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Gov. Cuomo Enacts Opioid Settlement Fund

Opioid Settlement Fund WEB

VESTAL, NY (WSKG) — On Tuesday, Gov. Andrew Cuomo signed a bill to ensure any money that comes from settlements with opioid companies will go into a designated fund.

Money from the “Opioid Settlement Fund” would be allocated specifically to efforts addressing opioid use disorderacross the state.

The bill comes at a time when many opioid companies are being brought to court. One of the biggest opioid trials in New York’s history started on Monday, the first nationwide to be decided by a jury. Last week, Johnson & Johnson announced a settlement with New York in which the company would pay $230 million and promised to exit the opioid industry completely.

Advocates and lawmakers in favor of the bill originally worried that incoming settlement money could end up in the general fund, where it is not necessarily required to be spent on opioid use disorder treatment and prevention.

In February, around $21 million in settlement money from McKinsey & Company—the consulting firm that worked with Purdue Pharma—was diverted to the state’s general fund. Some treatment providers felt that allowed for too much flexibility in how the money would be spent.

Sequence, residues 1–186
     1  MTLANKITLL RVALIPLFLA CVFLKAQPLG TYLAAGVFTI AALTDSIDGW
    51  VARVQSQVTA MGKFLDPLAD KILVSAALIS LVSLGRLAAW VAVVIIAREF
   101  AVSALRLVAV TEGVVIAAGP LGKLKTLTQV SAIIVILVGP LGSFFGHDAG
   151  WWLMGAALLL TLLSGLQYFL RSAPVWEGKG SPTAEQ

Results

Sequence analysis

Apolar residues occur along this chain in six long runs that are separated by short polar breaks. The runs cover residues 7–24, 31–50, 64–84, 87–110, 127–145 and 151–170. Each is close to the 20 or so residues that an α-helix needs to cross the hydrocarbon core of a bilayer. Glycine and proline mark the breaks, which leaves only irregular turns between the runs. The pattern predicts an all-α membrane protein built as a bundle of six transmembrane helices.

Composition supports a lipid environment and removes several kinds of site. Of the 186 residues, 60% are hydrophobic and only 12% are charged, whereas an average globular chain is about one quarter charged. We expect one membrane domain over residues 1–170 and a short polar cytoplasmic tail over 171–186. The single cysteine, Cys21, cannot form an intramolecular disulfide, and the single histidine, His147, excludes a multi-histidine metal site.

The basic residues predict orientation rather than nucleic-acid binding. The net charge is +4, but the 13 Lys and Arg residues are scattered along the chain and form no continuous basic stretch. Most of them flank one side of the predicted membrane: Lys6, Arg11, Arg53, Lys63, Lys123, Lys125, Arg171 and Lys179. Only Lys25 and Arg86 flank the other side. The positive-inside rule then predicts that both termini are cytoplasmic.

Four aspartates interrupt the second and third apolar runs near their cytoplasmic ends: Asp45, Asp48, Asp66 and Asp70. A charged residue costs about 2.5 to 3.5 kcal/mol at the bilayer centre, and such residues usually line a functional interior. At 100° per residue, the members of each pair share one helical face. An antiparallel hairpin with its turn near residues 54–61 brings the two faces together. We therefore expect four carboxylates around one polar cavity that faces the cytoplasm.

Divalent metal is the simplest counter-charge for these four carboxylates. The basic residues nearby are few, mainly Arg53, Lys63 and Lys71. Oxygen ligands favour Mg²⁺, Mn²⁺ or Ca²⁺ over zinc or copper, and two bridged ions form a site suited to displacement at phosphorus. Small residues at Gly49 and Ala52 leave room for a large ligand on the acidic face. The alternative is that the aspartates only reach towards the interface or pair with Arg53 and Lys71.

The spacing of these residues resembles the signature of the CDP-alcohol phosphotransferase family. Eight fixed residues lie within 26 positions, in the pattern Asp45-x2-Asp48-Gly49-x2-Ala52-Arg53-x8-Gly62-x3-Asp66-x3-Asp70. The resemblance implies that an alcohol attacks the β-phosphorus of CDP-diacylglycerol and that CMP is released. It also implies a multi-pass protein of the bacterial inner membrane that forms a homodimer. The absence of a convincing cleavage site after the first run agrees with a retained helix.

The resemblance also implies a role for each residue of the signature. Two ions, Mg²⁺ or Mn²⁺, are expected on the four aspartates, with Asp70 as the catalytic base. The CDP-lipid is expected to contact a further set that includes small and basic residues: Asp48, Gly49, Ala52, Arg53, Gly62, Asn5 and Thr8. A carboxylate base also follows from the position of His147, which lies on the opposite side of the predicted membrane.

The legislation enacted ensures settlement funds will be put directly toward addressing the opioid crisis.

“It’s important that these companies pay up," said Assemblywoman Donna Lupardo.

Lupardo, whose district covers Broome County, co-sponsored the bill that created the opioid settlement fund. She said it was essential that the money goes to the causes for which it was intended.

“We have to invest in the whole spectrum of care, from education and prevention to early intervention, right through to treatment and to after care," Lupardo said. "If we miss one piece, we’re really missing the boat.”

An advisory committee will determine how the money is distributed throughout the state.

Alexis Pleus, the executive director of TruthPharm, a nonprofit organization that advocates for people with substance use disorders, argued the money should be used to fund harm reduction measures as well as prevention and treatment.

“If we had done that, people would still be alive today, and so that’s what this funding will do," Pleus said.

Increased funding could help, she added, the distribution of overdose-reversing medicines, such as naloxone, commonly sold as Narcan. Pleus said putting resources toward that could potentially save lives.

“The overdose epidemic could have ended ten years ago—my son might be alive—if they had actually put money into stopping what was happening," Pleus said, "Put new funding in and save lives, provide treatment, give access to harm reduction services."